Author Archives: cleek

All buttholes are Perfect and Unique

The first dinosaur butthole ever discovered is shedding light where the sun don’t shine. The discovery reveals how dinosaurs used this multipurpose opening — scientifically known as a cloacal vent — for pooping, peeing, breeding and egg laying.

The dinosaur’s derrière is so well preserved, researchers could see the remnants of two small bulges by its “back door,” which might have housed musky scent glands that the reptile possibly used during courtship — an anatomical quirk also seen in living crocodilians, said scientists who studied the specimen.

Although this dinosaur’s caboose shares some characteristics with the backsides of some living creatures, it’s also a one-of-a-kind opening, the researchers found. “The anatomy is unique,” study lead researcher Jakob Vinther, a paleobiologist at the University of Bristol in the United Kingdom, told Live Science. It doesn’t quite look like the opening on birds, which are the closest living relatives of dinosaurs. It does look a bit like the back opening on a crocodile, he said, but it’s different in some ways. “It’s its own cloaca, shaped in its perfect, unique way,” Vinther said.

Demon & Demon v2

A day off = a new song.

Behold Demon (’cause it’s in D-minor-ish)


[That’s version 2. I reworked the drums, added some delay on some guitar track, to space it up a bit. Sounds a lot better. IMO]

The drums are lovingly hand-crafted MIDI. Everything else is: Telecaster+ → effects [Grand Orbiter, Spatial Delivery, Dirty Little Secret] → Princeton Reverb → mics [SM58 & P170] → Scarlett 2i2 → Reaper.

Here’s the original version:

Sad Trombone

“Can’t face federal charges for exercising my right to freedom of speech and assembly,” she wrote last week, adding that she was “an innocent person who is not a professional rioter; someone just living and standing up for what I believe in.”

“You can never cancel Jenna Ryan,” she wrote. However, by Monday, she said her publisher had canceled her self help book that was due out next month.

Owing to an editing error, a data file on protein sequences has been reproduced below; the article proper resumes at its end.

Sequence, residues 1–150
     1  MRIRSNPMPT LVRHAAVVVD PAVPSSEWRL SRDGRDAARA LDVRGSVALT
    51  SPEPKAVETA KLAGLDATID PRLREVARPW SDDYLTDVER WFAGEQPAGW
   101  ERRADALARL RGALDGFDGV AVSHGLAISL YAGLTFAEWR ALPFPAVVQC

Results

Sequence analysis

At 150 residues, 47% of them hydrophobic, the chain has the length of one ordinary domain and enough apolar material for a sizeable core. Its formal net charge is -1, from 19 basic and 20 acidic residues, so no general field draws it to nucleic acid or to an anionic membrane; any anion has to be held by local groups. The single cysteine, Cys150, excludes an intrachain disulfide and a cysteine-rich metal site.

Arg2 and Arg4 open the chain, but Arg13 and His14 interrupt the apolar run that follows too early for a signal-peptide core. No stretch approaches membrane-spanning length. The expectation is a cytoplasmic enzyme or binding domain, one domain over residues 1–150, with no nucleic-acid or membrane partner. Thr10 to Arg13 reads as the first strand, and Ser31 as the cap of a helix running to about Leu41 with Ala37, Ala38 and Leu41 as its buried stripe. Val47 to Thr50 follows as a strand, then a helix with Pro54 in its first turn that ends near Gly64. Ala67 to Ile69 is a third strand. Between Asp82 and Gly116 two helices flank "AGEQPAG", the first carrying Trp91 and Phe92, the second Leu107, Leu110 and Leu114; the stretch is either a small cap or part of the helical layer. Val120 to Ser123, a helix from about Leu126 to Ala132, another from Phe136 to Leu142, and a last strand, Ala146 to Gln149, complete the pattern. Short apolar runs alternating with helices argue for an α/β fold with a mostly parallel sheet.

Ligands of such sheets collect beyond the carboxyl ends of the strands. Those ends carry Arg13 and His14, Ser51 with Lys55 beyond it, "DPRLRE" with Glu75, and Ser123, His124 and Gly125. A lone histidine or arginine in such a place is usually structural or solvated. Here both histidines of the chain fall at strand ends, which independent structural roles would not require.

Jenna Ryan, a Frisco, Texas real estate broker and life coach, has been charged with knowingly entering or remaining in a restricted building without lawful authorities and disorderly conduct on Capitol grounds after documenting her two-day excursion to D.C. on social media.

Tee hee.


Since ‘we’ don’t trust the government to run healthcare, we end up with bullshit like this:

When retired web developer Catherine Kunicki tried to sign up for her first dose of the Covid-19 vaccine in downtown Brooklyn, the AdvantageCare Physicians website rejected her. She received an error message that her identity couldn’t be verified through Experian, a credit monitoring company.

When Motherboard tested the AdvantageCare Physicians website (as a hypothetical 65+ Brooklyn resident), we confirmed that it is using Experian to verify patients’ identities. The website claims that AdvantageCare Physicians does not get information about a patient’s credit score. But Experian is a credit reporting company and big data company, and the tool the vaccine scheduling website is using verifies identities by using information that shows up in people’s Experian credit histories.

This is a problem for a lot of reasons. One-in-five Americans is “credit invisible” or has poor credit, according to a report from the nonprofit Corporation for Enterprise Development. Black Americans are more likely to have poor credit; they are also disproportionately affected by COVID-19. Still, this Experian tool and tools like it—collectively called remote identity proofing—are used for all sorts of things they shouldn’t be: “The remote identity proofing (RIDP) process confirms an applicant’s identity based on their credit information,” the Corporation for Enterprise Development report states. “This process has a success rate of only 78 percent, and applicants with little or no credit history and the millions of victims of identity theft cannot complete an RIDP.”

The art of the steal?

How did I miss this?

President Donald Trump swiped some art from the residence of the US ambassador to France during a 2018 visit—the same visit on which he cancelled a trip to visit fallen First World War Marines at the Aisne-Marne American Cemetery outside Paris after allegedly calling the dead “suckers” and “losers”. According to a recent report by Bloomberg, Trump fancied for himself several of the pieces in the ambassador’s historic residence in Paris, where he was staying and which serves as the flagship for the State Department’s “Art in Embassies” cultural programme. Without notifying the ambassador, Jamie McCourt, the president and author of The Art of the Deal had a portrait and bust of Benjamin Franklin and a set of silver figurines depicting Greek mythological characters loaded onto Air Force One to bring them back to the White House. A bureaucratic nightmare ensued for the State Department and White House staffers, who worried that the $750,000 cache of art might not be legally transferable. Meanwhile, a flummoxed McCourt was told that she would receive the work back in six years—or 2024, when a second term of Trump’s presidency would theoretically end.

The loot, however, was deemed legal to enter the White House since it was technically US property… and all of the works were replicas or copies anyway. It remains unclear whether Trump knew that none of the pieces were original when he decided to take them home with him, or whether he, in truth, was the real sucker.

Relatedly. This happened today: